[pyramid_simpleauth] is a package that implements session based authentication
and role based security for a [Pyramid] web application.
There are many other auth implementations for Pyramid, including [apex] and
[pyramid_signup] and you can, of course, easily roll your own, for example
following the excellent [pyramid_auth_demo]. This package aims to be:
* relatively simple: with a limited feature set
* extensible: with event hooks and overrideable templates
* performant: minimising db queries
If you install the package and include it in your Pyramid application, it will
lock down your application and expose views at:
* /auth/authenticate (login via AJAX)
* /auth/confirm (email confirmation)
* /auth/prefer\_email (set email as the user's preferred email)
You get a `user` instance and an `is_authenticated` flag added to the `request`:
# e.g.: in a view callable
display = request.user.username
Plus `UserSignedUp`, `UserloggedIn`, `UserLoggedOut`, `UserChangedPassword`,
`UserChangedUsername`, `EmailPreferred` and `EmailAddressConfirmed` events to
request = event.request
user = event.user
# e.g.: send confirmation email
Flags at `request.is_post_login` and `request.is_post_signup`, stored in the session,
that allow you to test whether the current request is immediately after a login or
signup event. And a `request.user_json` property (useful to write into a template
to pass data to the client side).
`model.get_confirmation_link(request, email)` returns a `confirmation_link`
that will be accepted by `/auth/confirm` and that can typically be included in
an email sent to a user who wish to validate an email address.
The `EmailAddressConfirmed` and `EmailPreferred` events give you access to the
`Email` object as `event.data['email']`, eg:
email_address = event.data['email'].address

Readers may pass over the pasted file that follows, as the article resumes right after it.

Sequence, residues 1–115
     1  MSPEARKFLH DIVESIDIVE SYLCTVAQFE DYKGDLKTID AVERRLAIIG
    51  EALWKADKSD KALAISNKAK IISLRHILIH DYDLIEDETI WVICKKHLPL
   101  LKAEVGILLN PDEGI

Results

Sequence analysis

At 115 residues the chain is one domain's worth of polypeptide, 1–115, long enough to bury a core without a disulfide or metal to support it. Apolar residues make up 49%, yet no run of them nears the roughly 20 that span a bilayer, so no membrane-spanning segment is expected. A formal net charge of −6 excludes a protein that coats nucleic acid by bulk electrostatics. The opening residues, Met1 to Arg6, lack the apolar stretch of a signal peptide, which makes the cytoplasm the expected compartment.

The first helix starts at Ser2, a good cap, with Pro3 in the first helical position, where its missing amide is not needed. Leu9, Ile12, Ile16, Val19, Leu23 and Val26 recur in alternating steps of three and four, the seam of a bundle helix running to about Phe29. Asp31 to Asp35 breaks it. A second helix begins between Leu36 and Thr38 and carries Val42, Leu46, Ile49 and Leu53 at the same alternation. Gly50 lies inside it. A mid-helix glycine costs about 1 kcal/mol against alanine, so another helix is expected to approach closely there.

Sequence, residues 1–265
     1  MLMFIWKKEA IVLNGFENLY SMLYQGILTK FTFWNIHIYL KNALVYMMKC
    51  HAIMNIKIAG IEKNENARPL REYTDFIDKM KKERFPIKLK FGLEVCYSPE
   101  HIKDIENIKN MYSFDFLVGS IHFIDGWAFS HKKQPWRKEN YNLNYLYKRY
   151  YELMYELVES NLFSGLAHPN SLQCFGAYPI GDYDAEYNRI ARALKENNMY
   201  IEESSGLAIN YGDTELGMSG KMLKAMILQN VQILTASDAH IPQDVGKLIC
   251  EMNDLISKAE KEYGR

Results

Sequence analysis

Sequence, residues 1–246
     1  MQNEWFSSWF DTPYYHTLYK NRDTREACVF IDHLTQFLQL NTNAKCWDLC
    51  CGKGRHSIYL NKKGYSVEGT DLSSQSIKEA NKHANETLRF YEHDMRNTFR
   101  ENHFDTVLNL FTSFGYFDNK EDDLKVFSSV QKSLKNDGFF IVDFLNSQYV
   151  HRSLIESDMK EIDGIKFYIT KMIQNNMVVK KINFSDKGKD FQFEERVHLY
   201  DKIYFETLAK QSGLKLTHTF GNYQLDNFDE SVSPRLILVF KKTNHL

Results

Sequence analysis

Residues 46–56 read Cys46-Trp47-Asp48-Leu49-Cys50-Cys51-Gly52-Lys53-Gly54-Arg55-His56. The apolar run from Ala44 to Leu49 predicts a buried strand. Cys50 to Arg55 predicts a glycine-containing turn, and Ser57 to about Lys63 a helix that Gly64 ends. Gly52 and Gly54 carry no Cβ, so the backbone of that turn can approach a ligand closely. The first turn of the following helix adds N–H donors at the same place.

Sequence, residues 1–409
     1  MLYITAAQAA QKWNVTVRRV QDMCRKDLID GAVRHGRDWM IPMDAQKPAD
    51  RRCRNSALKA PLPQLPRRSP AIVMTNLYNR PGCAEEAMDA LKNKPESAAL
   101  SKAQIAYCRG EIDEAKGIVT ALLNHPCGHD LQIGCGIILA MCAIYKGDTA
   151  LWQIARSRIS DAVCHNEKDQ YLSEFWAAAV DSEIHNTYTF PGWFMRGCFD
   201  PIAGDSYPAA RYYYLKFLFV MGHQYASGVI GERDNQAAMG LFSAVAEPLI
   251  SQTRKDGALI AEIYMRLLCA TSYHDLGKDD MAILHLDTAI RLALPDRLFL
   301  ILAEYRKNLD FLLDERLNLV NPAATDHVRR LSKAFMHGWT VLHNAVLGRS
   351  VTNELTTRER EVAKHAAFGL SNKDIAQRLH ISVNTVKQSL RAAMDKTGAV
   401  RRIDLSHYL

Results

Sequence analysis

session = event.request.session
session.flash("%s has been confirmed successfully" % email_address)
Install using `pip` or `easy_install`, e.g.:
pip install pyramid_simpleauth
Include the package along with a session factory, `pyramid_tm` and `pyramid_basemodel`
in the configuration portion of your Pyramid app:
# Configure a session factory, here, we're using `pyramid_beaker`.
# Either include `pyramid_tm` or deal with committing transactions yourself.
# Either include `pyramid_basemodel` and provide an `sqlalchemy.url` in your
# `.ini` settings, or bind the SQLAlchemy models and scoped `Session` to a
# database engine yourself.
# Include the package.
The signup and login forms inherit from a base layout template. You can override
this base layout template by writing your own, e.g.:
<link href="my_great.css" rel="stylesheet" type="text/css"/>
Then in your main app factory / package configuration use, e.g.:
Or you can nuke the signup and login templates directly, e.g.:
To change the url path for the authentication views, specify a
`simpleauth.url_prefix` in your application's `.ini` configuration:
# defaults to 'auth', resulting in urls that start with `/auth/...`
simpleauth.url_prefix = 'another'
You can also specify where to redirect to after signup, login, logout, username
change, password change, email confirmation or preferred email selection. These
are all configured using *route names*, with the route being provided the
additional traversal information of the user's username and an optional view
name. (This means you can expose a simple named route, or a hybrid route, as
you prefer. The hybrid route will attempt traversal on the username).